Here are some nuggets I invite you to keep in mind in the midst of this rite of passage… Feelings are not facts. Postpartum mood issues are fully treatable. The sooner you get help, the faster you will feel whole. You did nothing to deserve this. If you think about it we are all bound to be a statistic of some kind. Harboring shame doesn’t produce change. Trust that trauma converts to growth in time and with effort.

Maybe as the maze of motherhood unfolds you will look back and understand that the journey you have been through, though potentially excruciating at times, was the birthplace of a more astute version of yourself. We can never actually return to our previous selves, in mind or in body. But why would we want to?

~ Jessica Zucker

Dr. Jessica Zucker is a Los Angeles based psychologist. She specializes in women’s reproductive and maternal mental health. Informed by her extensive international public health work, Dr. Zucker speaks and consults globally on projects related to women’s health and maternal wellbeing. She is an award winning published author and contributor to the Huffington Post, PBS, and Babble. Find her at www.drjessicazucker.com or follow her on Twitter @drZucker.

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Postpartum Progress, the world’s most widely-read blog on all things related to emotional health around pregnancy & childbirth, is a service of Postpartum Progress Inc., a 501c3 nonprofit devoted to raising awareness of postpartum depression and similar illnesses. Please consider making a donation today, Mother’s Day, so we can continue and expand our work supporting maternal mental health. Thank you!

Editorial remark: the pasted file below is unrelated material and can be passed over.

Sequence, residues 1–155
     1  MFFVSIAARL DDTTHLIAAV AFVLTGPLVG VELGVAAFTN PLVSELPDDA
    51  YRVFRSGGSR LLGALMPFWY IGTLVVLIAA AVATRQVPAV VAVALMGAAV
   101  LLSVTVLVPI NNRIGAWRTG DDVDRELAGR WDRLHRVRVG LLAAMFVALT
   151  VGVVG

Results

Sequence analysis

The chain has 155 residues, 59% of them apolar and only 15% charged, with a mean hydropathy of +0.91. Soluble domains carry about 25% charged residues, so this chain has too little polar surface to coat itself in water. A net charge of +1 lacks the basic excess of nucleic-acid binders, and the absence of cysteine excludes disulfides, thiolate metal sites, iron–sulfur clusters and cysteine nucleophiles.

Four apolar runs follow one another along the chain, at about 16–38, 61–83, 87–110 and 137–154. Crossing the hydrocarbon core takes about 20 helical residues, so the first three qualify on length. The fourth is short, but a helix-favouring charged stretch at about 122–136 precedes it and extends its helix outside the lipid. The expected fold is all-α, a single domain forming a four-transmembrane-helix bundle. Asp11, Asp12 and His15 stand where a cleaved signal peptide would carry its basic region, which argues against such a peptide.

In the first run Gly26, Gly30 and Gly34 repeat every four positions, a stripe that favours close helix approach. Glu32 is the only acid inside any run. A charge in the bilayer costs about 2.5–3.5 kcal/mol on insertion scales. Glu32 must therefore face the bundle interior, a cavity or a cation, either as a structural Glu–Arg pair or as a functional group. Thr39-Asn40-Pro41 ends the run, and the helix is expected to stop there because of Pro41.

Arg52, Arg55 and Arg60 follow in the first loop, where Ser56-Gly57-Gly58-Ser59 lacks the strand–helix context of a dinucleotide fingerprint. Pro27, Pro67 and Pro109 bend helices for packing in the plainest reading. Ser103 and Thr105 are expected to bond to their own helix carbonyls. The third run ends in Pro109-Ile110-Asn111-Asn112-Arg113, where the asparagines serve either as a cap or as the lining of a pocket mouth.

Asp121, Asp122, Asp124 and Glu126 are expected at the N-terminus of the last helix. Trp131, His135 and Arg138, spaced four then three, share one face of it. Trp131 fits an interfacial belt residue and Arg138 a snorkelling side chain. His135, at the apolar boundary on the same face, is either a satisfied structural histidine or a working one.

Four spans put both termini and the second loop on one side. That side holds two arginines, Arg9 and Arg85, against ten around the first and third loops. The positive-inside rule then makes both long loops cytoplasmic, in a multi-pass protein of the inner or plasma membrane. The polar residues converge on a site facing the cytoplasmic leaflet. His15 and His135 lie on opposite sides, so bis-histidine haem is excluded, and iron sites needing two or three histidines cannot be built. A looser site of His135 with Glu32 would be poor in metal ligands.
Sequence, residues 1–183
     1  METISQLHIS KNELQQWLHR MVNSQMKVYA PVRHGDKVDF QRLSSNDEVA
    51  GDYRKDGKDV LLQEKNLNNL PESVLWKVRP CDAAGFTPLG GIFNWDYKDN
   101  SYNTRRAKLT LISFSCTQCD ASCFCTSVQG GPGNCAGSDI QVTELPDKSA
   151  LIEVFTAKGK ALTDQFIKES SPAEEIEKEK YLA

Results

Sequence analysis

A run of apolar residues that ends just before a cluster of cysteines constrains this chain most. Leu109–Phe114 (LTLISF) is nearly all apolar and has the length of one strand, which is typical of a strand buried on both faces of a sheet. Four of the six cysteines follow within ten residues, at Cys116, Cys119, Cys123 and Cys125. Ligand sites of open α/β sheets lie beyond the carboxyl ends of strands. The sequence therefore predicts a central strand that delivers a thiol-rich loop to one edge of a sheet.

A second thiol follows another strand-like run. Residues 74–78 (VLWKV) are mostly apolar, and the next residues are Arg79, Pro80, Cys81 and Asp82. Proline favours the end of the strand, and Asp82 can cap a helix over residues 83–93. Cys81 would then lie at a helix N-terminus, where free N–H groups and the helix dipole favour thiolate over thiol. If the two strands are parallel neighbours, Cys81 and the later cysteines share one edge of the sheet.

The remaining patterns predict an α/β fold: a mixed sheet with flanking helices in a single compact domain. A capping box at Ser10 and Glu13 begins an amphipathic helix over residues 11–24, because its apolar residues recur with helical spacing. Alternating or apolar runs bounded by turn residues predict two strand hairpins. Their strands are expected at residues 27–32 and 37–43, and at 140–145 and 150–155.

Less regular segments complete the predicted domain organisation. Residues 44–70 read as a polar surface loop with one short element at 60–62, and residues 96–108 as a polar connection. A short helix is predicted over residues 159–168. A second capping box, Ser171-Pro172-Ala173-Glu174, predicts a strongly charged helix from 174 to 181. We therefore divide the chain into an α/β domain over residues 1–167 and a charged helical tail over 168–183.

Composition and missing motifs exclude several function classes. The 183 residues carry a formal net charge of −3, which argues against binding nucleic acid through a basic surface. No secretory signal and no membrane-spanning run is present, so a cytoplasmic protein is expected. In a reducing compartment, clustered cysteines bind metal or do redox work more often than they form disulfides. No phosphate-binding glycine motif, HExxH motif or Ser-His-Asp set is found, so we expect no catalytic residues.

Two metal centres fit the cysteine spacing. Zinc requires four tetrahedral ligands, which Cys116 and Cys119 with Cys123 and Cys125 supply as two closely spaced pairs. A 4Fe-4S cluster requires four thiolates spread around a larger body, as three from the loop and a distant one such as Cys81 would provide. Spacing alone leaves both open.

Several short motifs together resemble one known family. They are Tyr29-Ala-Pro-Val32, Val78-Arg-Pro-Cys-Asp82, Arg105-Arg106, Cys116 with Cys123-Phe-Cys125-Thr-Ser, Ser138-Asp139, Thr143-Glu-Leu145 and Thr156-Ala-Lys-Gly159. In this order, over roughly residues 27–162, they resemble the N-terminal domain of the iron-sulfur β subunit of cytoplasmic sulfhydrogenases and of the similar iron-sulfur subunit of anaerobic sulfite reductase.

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About Katherine Stone

is the founder of Postpartum Progress. She has been named a WebMD Health Hero, one of the fiercest women in America by More magazine, and one of the top 20 Social Media Moms by Working Mother magazine. She is a survivor of postpartum OCD.

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Comments

  1. Dr. Zucker, bravo!

  2. Let’s all agree to write this on a notecard we keep on the bathroom mirror: “Feelings are not facts.” (and maybe we could add thoughts to the mix?)…”Feelings and thoughts are not facts.”

    Thank you for sharing…especially for the analogy about physical illness- most people run to the doc for the Flu or Strep, so why don’t we feel being mentally well is just as important to our effectiveness as human beings as our physical health?

  3. Cristi @ Motherhood Unadorned says:

    You’re so right, we need to stop whispering about this epidemic and keep screaming to fight for each other, and ourselves. Thank you!

  4. Your words resonate strongly and deeply Jessica. Thank you for voicing something so important and something that I, and i’m sure many, need to hear.

    • Jessica,
      I love what you have posted. I have been feeling like a bit of a pest these days as I constantly post information about maternal mental health on my facebook account or tell people about my experience with postpartum anxiety. While this type of sharing is welcomed here, there are times when people change the subject soon after I bring this important topic up. Your post reminded me that this topic will continue to be hush hush topic if I don’t speak up. You’ve encourage me to keep being a pest. Thank you!